The world has made enormous progress in the past 50 years toward eliminating hunger and malnutrition. While, in 1960, roughly 30 percent of the world’s population suffered from hunger and malnutrition, today less than 20 percent does—some five billion people now have enough food to live healthy, productive lives. Agricultural development has contributed significantly to these gains by increasing food supplies, reducing food prices, and creating new income and employment opportunities for some of the world’s poorest people.
This book examines where, why, and how past interventions in agricultural development have succeeded. It carefully reviews the policies, programs, and investments in agricultural development that have reduced hunger and poverty across Africa, Asia, and Latin America over the past half century. The 19 successes included here are described in in-depth case studies that synthesize the evidence on the intervention’s impact on agricultural productivity and food security, evaluate the rigor with which the evidence was collected, and assess the tradeoffs inherent in each success. Together, these chapters provide evidence of “what works” in agricultural development.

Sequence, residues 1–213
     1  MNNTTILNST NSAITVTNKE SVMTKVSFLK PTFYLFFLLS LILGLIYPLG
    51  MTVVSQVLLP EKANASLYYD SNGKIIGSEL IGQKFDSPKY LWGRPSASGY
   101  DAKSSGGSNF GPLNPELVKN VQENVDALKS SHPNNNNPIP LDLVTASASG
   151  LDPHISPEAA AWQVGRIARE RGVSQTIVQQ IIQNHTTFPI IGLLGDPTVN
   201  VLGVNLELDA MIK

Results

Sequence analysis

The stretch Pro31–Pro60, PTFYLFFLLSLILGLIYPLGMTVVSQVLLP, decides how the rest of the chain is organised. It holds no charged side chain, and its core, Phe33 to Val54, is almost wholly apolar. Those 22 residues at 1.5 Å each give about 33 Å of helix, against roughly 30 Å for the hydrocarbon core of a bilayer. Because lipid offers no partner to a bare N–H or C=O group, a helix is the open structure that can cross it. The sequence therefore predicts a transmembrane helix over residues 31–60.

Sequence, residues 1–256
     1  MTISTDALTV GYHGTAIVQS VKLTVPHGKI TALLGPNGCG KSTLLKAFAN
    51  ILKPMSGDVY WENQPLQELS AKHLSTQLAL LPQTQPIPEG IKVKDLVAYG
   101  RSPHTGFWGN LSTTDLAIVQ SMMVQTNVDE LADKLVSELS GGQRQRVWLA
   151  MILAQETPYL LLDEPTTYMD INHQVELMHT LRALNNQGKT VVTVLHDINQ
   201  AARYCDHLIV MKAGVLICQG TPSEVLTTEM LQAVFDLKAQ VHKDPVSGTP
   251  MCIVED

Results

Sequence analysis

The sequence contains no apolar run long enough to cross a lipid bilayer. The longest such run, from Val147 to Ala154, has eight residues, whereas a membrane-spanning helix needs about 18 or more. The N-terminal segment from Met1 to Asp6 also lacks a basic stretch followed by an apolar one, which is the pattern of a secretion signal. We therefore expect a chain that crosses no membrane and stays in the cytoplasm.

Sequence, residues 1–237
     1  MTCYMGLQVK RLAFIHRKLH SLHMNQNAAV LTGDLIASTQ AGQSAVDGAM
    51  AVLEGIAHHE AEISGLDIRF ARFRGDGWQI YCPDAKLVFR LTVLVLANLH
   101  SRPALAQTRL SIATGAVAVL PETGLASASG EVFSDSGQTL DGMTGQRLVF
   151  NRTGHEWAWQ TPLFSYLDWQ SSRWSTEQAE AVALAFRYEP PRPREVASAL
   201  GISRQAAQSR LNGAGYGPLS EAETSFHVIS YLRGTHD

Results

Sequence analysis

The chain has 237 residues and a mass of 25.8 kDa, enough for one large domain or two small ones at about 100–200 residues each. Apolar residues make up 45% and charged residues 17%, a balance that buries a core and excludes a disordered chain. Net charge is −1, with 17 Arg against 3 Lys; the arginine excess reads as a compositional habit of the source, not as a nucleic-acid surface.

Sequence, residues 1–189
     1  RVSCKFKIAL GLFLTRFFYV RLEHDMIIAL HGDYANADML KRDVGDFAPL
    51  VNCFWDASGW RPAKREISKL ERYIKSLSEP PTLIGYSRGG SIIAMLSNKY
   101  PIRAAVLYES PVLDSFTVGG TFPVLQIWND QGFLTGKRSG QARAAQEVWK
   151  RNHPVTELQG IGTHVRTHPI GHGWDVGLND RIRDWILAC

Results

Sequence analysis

The technical studies in this compendium, along with the introductory analysis and the final chapter on trends in impact assessment, should be of great interest to researchers and policymakers concerned with assuring that agricultural development leads to significantly improved food security. A sound understanding of past successes is a critical first step in designing the agricultural policies and investments that will help end hunger and malnutrition in the future.